It’s that time of year when it is important to be checking in with ourselves.
Self-care is a buzzword that is continually employed to ensure that, in a growing age of mental health concerns and issues, we are doing what we can to take care of ourselves. As a concept, self-care is welcomed, needed and good for us.
Recently, Features Editor Dana Murphy wrote a fantastic article for The Phoenix discussing the way self-care has become entangled with issues of consumerism, socio-economic inequalities and how society has created the atmosphere that forces us to seriously invest in taking care of ourselves. These are important factors to consider as it can easily be argued that self-care has become more about the physical, tangible ways we can look after ourselves as opposed to being about the betterment of mental health.
Yet, in the narrative of self-care, one crucial component is missing in the way we determine when, why and how we practice self-care. An essential part of mental health is self-awareness.
Self-awareness is vital to connecting and tending to our needs. During a time of year when student stress levels and sleep schedules revolve around studying and meeting midnight deadlines, it must be asked, are we checking in with ourselves?
Often practices of self-care happen when we reach a point where internal combustion is imminent if we do not take a break and relax. If we do not go outside and take a walk or seize the opportunity to sleep more than six hours a night, our mental health, as well as our schoolwork, takes a significant hit. While it is a great societal improvement that we are understanding that taking care of ourselves results in considerable health benefits, we are still falling short of monitoring how we are doing on a daily basis.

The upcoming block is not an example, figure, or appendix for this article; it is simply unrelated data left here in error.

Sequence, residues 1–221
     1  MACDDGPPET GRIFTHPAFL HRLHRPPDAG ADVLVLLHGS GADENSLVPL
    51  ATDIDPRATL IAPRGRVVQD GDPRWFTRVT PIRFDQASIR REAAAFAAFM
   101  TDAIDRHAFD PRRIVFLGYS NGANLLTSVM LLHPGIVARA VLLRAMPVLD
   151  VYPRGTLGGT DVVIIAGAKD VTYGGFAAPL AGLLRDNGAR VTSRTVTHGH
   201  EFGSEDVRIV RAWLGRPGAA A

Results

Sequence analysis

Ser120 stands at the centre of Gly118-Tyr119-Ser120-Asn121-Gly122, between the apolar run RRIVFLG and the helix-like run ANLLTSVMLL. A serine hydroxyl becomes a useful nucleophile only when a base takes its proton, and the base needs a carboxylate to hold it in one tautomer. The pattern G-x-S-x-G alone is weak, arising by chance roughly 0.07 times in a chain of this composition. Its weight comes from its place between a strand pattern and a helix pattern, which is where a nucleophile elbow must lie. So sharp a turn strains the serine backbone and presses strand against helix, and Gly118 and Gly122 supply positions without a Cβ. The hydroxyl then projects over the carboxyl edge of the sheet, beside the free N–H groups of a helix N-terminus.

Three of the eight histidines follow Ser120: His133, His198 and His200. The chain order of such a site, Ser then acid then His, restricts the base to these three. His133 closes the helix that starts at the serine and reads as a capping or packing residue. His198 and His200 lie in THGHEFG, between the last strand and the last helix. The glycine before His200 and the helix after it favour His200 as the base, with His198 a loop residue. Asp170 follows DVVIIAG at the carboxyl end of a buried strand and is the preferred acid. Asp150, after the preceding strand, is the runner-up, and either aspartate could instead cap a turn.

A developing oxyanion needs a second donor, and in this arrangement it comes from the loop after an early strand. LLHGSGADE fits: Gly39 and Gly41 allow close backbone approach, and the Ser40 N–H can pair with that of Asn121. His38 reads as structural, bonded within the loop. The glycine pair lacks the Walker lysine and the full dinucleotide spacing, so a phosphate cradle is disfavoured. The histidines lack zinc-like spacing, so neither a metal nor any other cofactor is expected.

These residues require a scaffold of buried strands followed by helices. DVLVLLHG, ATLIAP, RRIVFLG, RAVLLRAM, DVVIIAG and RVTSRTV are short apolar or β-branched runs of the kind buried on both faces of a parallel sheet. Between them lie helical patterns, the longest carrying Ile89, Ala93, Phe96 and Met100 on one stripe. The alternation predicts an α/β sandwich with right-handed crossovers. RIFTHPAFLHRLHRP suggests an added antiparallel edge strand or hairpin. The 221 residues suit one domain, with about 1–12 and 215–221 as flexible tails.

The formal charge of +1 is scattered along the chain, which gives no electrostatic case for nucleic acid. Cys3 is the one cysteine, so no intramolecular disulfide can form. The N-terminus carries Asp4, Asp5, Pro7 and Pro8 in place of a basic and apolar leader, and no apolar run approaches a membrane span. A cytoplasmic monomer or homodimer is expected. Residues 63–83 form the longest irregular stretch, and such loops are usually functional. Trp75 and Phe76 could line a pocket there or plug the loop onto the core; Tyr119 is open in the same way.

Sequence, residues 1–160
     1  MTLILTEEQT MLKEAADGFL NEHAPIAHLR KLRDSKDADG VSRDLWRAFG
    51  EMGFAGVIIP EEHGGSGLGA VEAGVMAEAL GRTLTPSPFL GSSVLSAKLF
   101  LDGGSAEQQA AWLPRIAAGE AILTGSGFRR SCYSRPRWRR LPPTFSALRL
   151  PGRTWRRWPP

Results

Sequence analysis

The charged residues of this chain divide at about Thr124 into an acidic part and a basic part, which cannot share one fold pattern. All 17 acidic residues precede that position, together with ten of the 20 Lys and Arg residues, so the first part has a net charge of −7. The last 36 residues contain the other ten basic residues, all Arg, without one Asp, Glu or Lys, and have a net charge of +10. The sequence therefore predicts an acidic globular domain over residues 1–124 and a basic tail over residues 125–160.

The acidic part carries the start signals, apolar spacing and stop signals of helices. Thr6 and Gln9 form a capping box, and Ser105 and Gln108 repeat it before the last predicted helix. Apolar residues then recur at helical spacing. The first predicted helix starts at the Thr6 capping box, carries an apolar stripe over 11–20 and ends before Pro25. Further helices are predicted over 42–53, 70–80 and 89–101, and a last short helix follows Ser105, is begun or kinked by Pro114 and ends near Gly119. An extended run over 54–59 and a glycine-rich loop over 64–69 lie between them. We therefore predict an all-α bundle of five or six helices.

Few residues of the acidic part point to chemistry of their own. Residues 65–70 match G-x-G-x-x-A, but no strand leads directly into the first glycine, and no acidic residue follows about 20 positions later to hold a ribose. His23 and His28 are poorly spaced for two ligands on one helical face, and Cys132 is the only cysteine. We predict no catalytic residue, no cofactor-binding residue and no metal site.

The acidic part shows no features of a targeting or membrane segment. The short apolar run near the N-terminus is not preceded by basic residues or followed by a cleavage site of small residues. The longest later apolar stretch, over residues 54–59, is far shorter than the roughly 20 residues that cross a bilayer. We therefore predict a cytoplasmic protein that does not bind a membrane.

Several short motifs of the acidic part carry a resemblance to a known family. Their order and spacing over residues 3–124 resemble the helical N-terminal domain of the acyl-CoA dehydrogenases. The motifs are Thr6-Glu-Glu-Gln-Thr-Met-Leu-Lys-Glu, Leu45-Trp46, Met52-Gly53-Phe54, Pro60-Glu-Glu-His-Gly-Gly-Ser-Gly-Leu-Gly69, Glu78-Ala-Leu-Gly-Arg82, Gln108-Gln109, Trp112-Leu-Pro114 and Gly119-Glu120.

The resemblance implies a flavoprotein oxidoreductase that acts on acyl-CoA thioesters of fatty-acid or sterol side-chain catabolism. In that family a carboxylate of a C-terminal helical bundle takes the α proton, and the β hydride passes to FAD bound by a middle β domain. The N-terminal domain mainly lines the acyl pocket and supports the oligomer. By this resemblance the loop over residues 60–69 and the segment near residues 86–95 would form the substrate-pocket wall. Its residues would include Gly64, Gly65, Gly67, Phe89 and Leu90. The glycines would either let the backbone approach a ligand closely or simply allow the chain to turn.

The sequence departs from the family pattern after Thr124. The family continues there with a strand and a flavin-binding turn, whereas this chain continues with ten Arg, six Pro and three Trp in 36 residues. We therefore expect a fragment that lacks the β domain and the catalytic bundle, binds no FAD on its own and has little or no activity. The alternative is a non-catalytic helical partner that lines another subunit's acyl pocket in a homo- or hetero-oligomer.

For example, the other week I decided to meet my friends for brunch. That morning I had been pretty stressed out and not in a great mood. There was still an extensive amount of writing that I needed to do and truthfully, I was not eager to spend $30. But in order to enjoy something outside of my school and employment obligations, I went as a practice of self-care. However, realizing that the only way for I was going to be productive that day was to have some enjoyment was an act of self-awareness.
Dr. Tchiki Davis describes self-awareness as “monitoring our inner worlds, thoughts, emotions, and beliefs.” In practicing it, she says, we can become more attentive to what it is that we need in advance of difficult situations and gain the ability to better deal with situations that are challenging. Being self-aware can lead to increased confidence because we are examining “who we are and what we believe,” which is empowering.
In the article “How to Make ‘Self-Care’ Actually Feel Like Self-Care” for The New York Times, Tim Herrera writes that identifying how we are truly feeling is the most effective measure in creating a self-care routine. In doing so, you can develop a method that genuinely addresses your mental state. It could be as simple as reading a book or meeting up with friends for a weekly trivia night. Figure out what works for you.
As we reach those final hurdles toward the end of the term, pay attention to how you are doing. How do you feel right now? Are you tired, hungry or sad? Connect to that, explore it. Maybe you aren’t eating well, you haven’t drunk enough water, or you have isolated yourself while preparing for exams. Examine how you are feeling and try to recognize contributing factors in order to decide how to best practice self-care.
Self-awareness is important to self-care, but it is also an important way of being kind to ourselves. We constantly ask others how they are doing and attentively listen to their responses. It’s time we showed ourselves that same courtesy.